Agape: April 4, 2020

Agape: The 2020 Lenten Devotional for St. Paul's Episcopal Church

“The commandment we have from him is this: those who love God must love their brothers and sisters also.” -1 John 4:21

As a child, loving your brother and sisters isn’t too bad. I mean, I could do that. Sure, they can be obnoxious brats sometimes, but I still loved them. So, I’m cool with God, right? But then my Dad set me down one day and very seriously said, “Sandy, God says you must love your neighbor as yourself. Do you love your neighbor?” I had to think seriously about that. You see there was this big 2nd grade girl who hit me several times, knocked me down and broke my glasses and I sure didn’t love her. But she lived down the road a long way (probably 2-3 blocks) so I said, “how far down the road are they my neighbor?”

That is still the question isn’t it? Who are my sisters and brothers and how far down the road do we have to count them? Surely, God doesn’t count that jerk that cut me off in traffic. What about homeless people, or homosexuals, or foreigners, or Muslims, or people of color? Is God okay if we love them from afar without having to associate with them?

Those don’t bother me, but my test came when a man deliberately caused physical and lasting emotional pain to my daughter. I found I couldn’t even pray for him, much less love him. God, are you seriously asking this of me? How can I possibly be called to do this? It is just too painful. What I ended up doing was, I came to church and explained to several of my friends what had happened and asked them to pray for him since I could not.

On the surface, this commandment seems easy, but there are times when we are pulled up short and have to look deeply into our hearts or into our personal prejudices. Other times following this commandment means walking our talk and what you need to do is start making your actions match your beliefs. I know it is easier to love others when nothing is going wrong. But the commandment is clear, and it doesn’t list exceptions.

Dearest Lord God, I know the answer to my earlier question, “God are you seriously asking this of me?” Sometimes I forget that every person out there is a child of God. Help me Lord to always remember that the answer is YES. You have commanded that we love them all as you have loved each of us. Sometimes that is really hard. Help us, Lord. Amen.
-Sandy McDougall

Agape: April 3, 2020

Agape: The 2020 Lenten Devotional for St. Paul's Episcopal Church

“Those who say, ‘I love God,’ and hate their brothers or sisters, are liars; for those who do not love a brother or sister whom they have seen, cannot love God whom they have not seen.” -1 John 4:20

From ancient times, God’s people have struggled with loving our brothers and sisters. In Leviticus 19:17-18, we are told: “You shall not hate your brother in your heart, but you shall reason frankly with your neighbor, lest you incur sin because of him. You shall not take vengeance or bear a grudge against the sons of your own people, you shall love your neighbor as yourself: I am the Lord.” Again and again, we hear similar words from Jesus that we are to love one another. And it’s still hard!!!

Raised in Oklahoma, I attended a segregated school until 1960, my junior year in high school. The little town I grew up in had a white school system and a “Negro” school system and there was little or no contact between the two. When, by court order, the two systems were integrated, the blacks bore the brunt of the change, as their school was closed and they were bused to “our” school. For a while there was fear, resentment, and very little real contact between blacks and whites. However, as we began to know one another on a one to one basis, mutual respect and friendships began to develop. Looking back, the lesson for me is that, unlike our omniscient God, we can’t really love our brothers and sisters en masse. Relationships have to develop one on one.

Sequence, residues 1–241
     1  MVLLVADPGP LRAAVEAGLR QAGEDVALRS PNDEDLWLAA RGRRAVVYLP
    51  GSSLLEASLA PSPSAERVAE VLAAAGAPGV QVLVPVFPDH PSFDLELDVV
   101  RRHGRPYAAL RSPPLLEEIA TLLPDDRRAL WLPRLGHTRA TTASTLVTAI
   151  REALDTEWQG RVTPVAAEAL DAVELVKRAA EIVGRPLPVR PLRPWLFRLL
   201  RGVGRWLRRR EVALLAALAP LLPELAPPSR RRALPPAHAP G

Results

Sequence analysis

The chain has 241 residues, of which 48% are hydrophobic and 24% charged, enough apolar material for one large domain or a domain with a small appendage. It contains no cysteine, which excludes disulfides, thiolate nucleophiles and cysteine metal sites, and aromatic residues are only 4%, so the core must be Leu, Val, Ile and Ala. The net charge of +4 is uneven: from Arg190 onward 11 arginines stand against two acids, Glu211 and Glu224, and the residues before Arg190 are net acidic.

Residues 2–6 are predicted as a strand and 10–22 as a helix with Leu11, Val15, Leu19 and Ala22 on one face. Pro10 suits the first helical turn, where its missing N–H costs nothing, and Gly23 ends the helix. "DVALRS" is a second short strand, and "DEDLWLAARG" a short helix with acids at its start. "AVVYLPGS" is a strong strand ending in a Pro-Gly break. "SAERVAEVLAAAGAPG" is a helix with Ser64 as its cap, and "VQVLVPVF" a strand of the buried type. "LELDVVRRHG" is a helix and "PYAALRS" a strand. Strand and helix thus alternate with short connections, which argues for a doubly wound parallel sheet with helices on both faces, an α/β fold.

As Fr. Peter Scholtes so beautifully wrote:

“We will work with each other, we will work side by side
We will work with each other, we will work side by side
And we’ll guard each one’s dignity and save each one’s pride
And they’ll know we are Christians by our love, by our love
They will know we are Christians by our love.”

Dear God, help us to show our love for you by loving our brothers and sisters. Amen.
-Cathey Frederick

How to Give to St. Paul’s


You can mail your pledge/donation to:

St. Paul’s Episcopal Church
415 S. 18th St.
Mount Vernon, WA 98274


The Episcopal Diocese of Olympia has put an option on their giving page to “give to a church”. To do this, click here and select Give to a church from the option in the “Giving Options” drop-down box. Enter St. Paul’s Episcopal Church in the “Designated Parish Name” box and Mount Vernon in the “Designated Parish City” box.

If this is confusing for you, here is a video that shows how to do it step-by-step:

Agape: April 2, 2020

Agape: The 2020 Lenten Devotional for St. Paul's Episcopal Church

“We love because he first loved us.” -1 John 4:19

We are to love God, our brethren and our fellow man is understood here because God first loved us by sending His Son Jesus to die for us. He provided the example and we, out of gratitude and following the Way, want to show love to our fellow man.

People watch what we do rather than just taking for granted that we will do what we say. Our church should be a welcoming place for everyone who walks through our doors no matter how society may categorize that person. We welcome everyone to participate in communion, the exchanging of the peace, the Celebration of Life, just to name a few activities. Many parishioners share in supplying and serving food for the coffee hour after the Sunday service to offer a time for new attendees plus other parishioners to join in a time of fellowship and support for one another. We are sharing our love for Jesus with others and hope they will join our community.